In part one of this two part series, we discussed the hard-coded deflationary nature of Bitcoin and examined whether or not the Bitcoin price has been deflationary in real life. We concluded that, yes, Bitcoin has indeed been deflationary throughout its five-year lifespan.
Now we can raise the question: is the deflationary nature of Bitcoin value good or bad for the Bitcoin economy? This question returns to the debate of whether deflation is desirable over inflation or vice-versa. In order to answer this question, we must consider the economic soundness of both the pro-inflation and pro-deflation arguments.
The inflationists argue that the money supply must be in a constant state of slight inflation in order to offset the natural tendency of deflation (and now they even say that we must avoid too little inflation as well!). They stress the need to avoid inflation because of a fear of the “deflationary death spiral,” which has already been mentioned above. As stated earlier, this infinite downward spiral of deflation happens because, supposedly, individuals will stop consuming in favor of holding their money so that it can gain value. This saving sets off a chain reaction; the initial saving makes the value of the currency go up, which encourages even more saving, and so forth. If deflation were to happen, it could cause massive waves of unemployment due to all of the money being hoarded. Therefore, a solution to this problem is to maintain a “healthy” amount of inflation, which is generally believed to be at 2%, in order counteract deflationary tendencies and keep the purchasing power of money stable.
Those who argue that deflation can actually be healthy for the economy—these people generally come from the Austrian school of economics—argue that deflation and the subsequent decrease in prices merely signals a shift of the individual demands on the market. In periods of deflation, time preferences are decreased, which means they save more of their wealth rather than consume it. This act of increased savings lowers interest rates, which makes investment cheaper and thereby shifts the production structure so that it pursues projects that produce goods further into the future rather than producing more immediate, consumer’s goods. This method of saving is how an economy progresses; investment is the engine that drives the machinery of production, which increases the standard of living for the general population.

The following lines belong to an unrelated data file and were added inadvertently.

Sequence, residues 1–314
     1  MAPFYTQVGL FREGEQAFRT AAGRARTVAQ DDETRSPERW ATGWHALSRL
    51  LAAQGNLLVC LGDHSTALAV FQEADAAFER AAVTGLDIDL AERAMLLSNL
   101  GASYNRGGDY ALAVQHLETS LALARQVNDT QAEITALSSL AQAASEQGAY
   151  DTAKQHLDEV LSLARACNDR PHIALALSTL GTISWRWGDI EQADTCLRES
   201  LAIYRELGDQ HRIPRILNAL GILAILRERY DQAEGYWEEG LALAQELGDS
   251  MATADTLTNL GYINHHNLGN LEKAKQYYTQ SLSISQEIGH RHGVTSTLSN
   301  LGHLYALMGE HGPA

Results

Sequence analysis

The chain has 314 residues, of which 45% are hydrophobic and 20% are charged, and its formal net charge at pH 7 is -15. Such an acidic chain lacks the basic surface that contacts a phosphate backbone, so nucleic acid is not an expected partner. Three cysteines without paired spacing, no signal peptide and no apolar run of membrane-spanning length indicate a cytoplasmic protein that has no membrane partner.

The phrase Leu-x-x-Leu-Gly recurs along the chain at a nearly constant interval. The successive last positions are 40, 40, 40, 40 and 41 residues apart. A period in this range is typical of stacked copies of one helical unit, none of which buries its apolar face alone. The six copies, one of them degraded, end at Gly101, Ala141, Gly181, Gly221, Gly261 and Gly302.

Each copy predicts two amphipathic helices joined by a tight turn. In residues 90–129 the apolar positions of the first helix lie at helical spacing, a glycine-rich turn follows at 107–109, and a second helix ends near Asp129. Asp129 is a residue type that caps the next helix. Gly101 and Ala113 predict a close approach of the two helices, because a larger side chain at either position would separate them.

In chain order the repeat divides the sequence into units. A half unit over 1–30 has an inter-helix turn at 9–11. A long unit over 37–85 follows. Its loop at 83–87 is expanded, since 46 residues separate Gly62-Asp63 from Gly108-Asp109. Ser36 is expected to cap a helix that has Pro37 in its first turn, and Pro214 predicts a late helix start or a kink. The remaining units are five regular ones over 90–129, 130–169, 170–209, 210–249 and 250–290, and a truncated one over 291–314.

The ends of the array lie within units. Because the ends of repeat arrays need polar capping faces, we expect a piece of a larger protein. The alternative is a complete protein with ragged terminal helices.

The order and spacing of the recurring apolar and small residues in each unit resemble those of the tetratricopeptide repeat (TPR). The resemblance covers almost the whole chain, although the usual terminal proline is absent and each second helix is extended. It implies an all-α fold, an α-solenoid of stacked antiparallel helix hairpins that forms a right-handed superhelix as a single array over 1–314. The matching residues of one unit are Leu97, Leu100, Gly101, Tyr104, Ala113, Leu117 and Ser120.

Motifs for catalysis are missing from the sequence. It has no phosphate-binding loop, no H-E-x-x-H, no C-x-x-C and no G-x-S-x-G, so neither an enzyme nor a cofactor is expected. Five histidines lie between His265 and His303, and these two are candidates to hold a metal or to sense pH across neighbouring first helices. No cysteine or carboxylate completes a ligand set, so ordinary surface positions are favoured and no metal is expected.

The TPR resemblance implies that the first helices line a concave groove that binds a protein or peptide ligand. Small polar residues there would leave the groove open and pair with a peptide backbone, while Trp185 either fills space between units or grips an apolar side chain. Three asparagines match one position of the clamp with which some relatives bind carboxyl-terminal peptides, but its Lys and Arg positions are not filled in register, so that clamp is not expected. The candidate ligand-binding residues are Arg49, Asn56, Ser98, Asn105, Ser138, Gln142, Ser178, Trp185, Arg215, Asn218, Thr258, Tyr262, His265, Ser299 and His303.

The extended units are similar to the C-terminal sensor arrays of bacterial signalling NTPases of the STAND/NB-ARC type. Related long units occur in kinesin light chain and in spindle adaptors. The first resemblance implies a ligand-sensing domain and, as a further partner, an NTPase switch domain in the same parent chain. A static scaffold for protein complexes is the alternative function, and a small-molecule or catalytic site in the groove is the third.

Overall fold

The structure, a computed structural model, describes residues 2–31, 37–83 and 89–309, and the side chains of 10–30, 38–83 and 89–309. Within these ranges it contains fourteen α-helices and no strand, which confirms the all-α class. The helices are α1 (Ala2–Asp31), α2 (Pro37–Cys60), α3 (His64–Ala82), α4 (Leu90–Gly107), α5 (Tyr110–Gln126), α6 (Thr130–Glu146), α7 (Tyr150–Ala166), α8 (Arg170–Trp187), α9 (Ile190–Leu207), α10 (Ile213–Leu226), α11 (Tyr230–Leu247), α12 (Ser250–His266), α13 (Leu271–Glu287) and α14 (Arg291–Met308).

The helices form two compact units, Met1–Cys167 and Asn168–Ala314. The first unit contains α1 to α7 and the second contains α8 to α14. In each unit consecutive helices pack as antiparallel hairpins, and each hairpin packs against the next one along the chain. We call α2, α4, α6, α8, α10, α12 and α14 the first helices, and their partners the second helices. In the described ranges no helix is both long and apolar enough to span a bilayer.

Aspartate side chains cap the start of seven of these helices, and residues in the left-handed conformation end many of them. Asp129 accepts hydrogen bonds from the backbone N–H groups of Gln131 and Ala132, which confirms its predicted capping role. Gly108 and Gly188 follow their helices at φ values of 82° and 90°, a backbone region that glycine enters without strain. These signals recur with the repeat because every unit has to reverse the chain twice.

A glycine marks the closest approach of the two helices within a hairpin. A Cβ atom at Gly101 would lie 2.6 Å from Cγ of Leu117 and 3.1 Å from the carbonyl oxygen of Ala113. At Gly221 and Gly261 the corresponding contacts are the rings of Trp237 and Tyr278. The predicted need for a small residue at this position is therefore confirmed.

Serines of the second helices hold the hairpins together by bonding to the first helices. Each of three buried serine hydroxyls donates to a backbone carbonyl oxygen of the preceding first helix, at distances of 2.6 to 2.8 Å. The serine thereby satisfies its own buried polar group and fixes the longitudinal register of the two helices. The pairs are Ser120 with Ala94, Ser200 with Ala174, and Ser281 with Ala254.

The “Deflationary Death Spiral”
But the inflationists warn that too much saving makes existing businesses unprofitable and causes mass unemployment. And this fear would be justifiable, if the amount of saving the inflationists are terrified of was actually possible in the real world. The notion of the “deflationary death spiral” makes three fallacious assumptions when judging human action.
First, and most fallacious, it assumes a static economy, or an evenly rotating economy (ERE). The ERE is a purely theoretical construct in which the economy is in perfect equilibrium, there is no competition and profits equal costs, and all factors remain equal and constant, which means there is no change in the economy. Everything is stable. In order for deflation to cause the damage worried about by the mainstream economists, this theoretical construct would have to exist in the real world; the deflationary trend could not be interrupted by any changes in the market, it would have to continue in perpetuity until the entire economy collapsed. In other words, there can be no uncertainty in the economy. And that is simply impossible. Furthermore, if the ERE were achieved, deflation would not even be possible at all! There is no change whatsoever in the ERE, so time preferences do not exist, therefore they cannot shift so that the demand for money is higher than its supply. Everything in the ERE is in perfect equilibrium with each other, including the money-relation. So even in the realm of staticity, where the positivist economist house all of their empirical models and equations, their own argument is untenable!
The second flaw in the inflationist argument against deflation is that it assumes, or at least implies, perfect knowledge on the part of the individuals who are faced with an appreciating currency. The individuals, in order to indefinitely hoard their cash, must know that the deflationary trend will continue in perpetuity. They must be aware that the value of their cash holdings will continue to increase as long as they hold them and refrain from consuming them. This situation could occur, individuals could and likely would become aware of their currency quickly gaining value. But this scenario assumes that the time preferences of the individuals cannot change, which again brings us back to the assumption of the ERE, something that can never be reached in the real world. It is highly unlikely—impossible, even—for time preferences to remain so low and stay there indefinitely so that no individual would ever spend their money. But, who’s to say that individuals would never value consumer’s goods over their money? Again, that can only happen ceteris paribus, all things being equal, which assumes the realization of an impossible achievement of a static economy, or an ERE.